Secondly, teaching ESL and teaching mainstream English are a world apart.  If you have extremely high level students, and are teaching an "English writing" or "English literature" class then it might be somewhat comparable to what you'd be doing back home.  Except these jobs are few and far between in Korea.  At my uni, only 2 or 3 out of the 25 of us actually teach these high level classes.  Anyway, the major difference is that you won't be teaching content, you'll be teaching very basic English vocab, grammar and conversation strategies.  If you have lower-level students, then think, "How are you today" and "What color is this?"  Mid-level students, then think, "What's your favorite movie?"  or "What did you eat for breakfast today?" 

Thursday, December 9, 2010

The Quiz Show

I usually have a class of review before the midterm and final exams.  I choose a couple of games that we can play.  This week, I've been doing a Jeopardy kind of quiz show. 

I make up categories from stuff that is on the test: "Vocab, grammar, movies, body"  I think of questions that range from easy ($100) to difficult ($500).  I put the students in groups of 3 or 4 and the they have to pick their category and question.  They can pick whatever they want, but the key is that if they get it correct, they obviously get the points.  If wrong, they get minus that number.  I put in a few +/- 500/1000 to make it more interesting.

Wednesday, December 8, 2010


We all know and love Bingo.  I remember back when I was a kid and I just couldn't get enough of it.  Well, believe it not, university students in Korea seem to enjoy it as well.  Except if I did it where I just called out the words, and they crossed them off I probably couldn't really consider myself a real teacher.  So, instead I modify it to make it more more educational.  It's actually a fabulous way to get students to review a large amount of vocab.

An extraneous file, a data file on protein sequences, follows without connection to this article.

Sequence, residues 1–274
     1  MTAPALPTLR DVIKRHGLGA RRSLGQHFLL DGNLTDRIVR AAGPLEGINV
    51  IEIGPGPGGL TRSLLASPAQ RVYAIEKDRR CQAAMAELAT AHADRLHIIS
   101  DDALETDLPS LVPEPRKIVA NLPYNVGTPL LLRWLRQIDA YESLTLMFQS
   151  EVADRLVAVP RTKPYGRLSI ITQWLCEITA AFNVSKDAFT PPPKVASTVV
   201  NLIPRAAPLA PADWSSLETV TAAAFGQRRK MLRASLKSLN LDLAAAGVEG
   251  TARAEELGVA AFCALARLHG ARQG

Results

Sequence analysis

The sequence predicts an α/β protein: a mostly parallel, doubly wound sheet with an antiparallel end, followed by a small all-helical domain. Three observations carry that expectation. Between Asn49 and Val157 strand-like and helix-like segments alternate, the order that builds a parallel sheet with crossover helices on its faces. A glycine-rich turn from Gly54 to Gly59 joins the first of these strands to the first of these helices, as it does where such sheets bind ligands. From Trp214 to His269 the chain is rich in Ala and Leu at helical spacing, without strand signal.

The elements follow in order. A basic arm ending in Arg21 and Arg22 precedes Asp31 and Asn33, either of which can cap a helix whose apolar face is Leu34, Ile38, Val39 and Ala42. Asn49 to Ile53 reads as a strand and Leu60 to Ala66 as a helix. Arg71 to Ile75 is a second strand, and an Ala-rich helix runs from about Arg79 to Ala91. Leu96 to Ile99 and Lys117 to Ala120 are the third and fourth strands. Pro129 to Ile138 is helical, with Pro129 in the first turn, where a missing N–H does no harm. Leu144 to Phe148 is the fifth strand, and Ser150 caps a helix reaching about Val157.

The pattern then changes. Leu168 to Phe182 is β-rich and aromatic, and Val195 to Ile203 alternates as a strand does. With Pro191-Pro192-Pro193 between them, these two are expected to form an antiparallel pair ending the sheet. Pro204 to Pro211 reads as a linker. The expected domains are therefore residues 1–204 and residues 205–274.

I make up a grid, and at the bottom list all the possible words they can choose from.  They take a few minutes to write in the words that they want.  Then, I just give hints about the words and they need to figure out what I'm taking about.

Examples:  "I have many of them in my mouth" =teeth
"It's something difficult, not easy to do" =achievement

Wednesday, December 1, 2010

A group project idea

This week in my classes, I've been doing group projects worth 20% of their final score. 

The students could go in groups of 1-5 people.  I always hated group projects in school, so I like to give the option on going alone (maybe only 1 person/class chooses this).  They have to choose a problem such as global warming, eating junk food, human rights in North Korea, etc and make a poster about it that's worth 10%.  I give points for things such as how beautiful it is, English writing on it, and grammar. 

Then, they have to do a presentation about their poster worth 10%.  I take off points for reading from a script, and copying from the internet and give points for interesting and clear speaking.  Each student in the group has to talk for 1-2 minutes.

Results so far?   Quite good.  The students have done some amazing posters and there is always at least one group in the class who does a fabulous presentation.  They seem quite happy and proud of themselves when they're finished.  And not that it's all about me, but it has been a nice break from being up at the front and doing lesson plans for the week :)

I did this assignment before, a couple years ago but I was much more rigid with the groups and made everyone be in a group of 5. This time, by being flexible, it's caused me much less stress and made it a much better experience for the students as well because they can just go with their friends and don't have to work with people they don't want to.